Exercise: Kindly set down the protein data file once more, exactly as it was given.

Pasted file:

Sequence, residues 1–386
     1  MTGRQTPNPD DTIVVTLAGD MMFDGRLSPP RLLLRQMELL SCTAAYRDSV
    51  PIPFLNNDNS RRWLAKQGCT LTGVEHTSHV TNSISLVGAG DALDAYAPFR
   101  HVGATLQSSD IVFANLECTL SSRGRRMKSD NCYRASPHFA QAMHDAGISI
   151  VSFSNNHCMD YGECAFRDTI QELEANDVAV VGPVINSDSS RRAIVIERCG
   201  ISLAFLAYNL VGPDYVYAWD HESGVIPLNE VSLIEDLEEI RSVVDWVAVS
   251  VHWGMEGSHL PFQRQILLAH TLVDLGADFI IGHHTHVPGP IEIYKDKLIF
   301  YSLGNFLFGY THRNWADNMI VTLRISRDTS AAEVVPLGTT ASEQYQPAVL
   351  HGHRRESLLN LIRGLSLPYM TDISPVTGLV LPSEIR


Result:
Sequence, residues 1–386
     1  MTGRQTPNPD DTIVVTLAGD MMFDGRLSPP RLLLRQMELL SCTAAYRDSV
    51  PIPFLNNDNS RRWLAKQGCT LTGVEHTSHV TNSISLVGAG DALDAYAPFR
   101  HVGATLQSSD IVFANLECTL SSRGRRMKSD NCYRASPHFA QAMHDAGISI
   151  VSFSNNHCMD YGECAFRDTI QELEANDVAV VGPVINSDSS RRAIVIERCG
   201  ISLAFLAYNL VGPDYVYAWD HESGVIPLNE VSLIEDLEEI RSVVDWVAVS
   251  VHWGMEGSHL PFQRQILLAH TLVDLGADFI IGHHTHVPGP IEIYKDKLIF
   301  YSLGNFLFGY THRNWADNMI VTLRISRDTS AAEVVPLGTT ASEQYQPAVL
   351  HGHRRESLLN LIRGLSLPYM TDISPVTGLV LPSEIR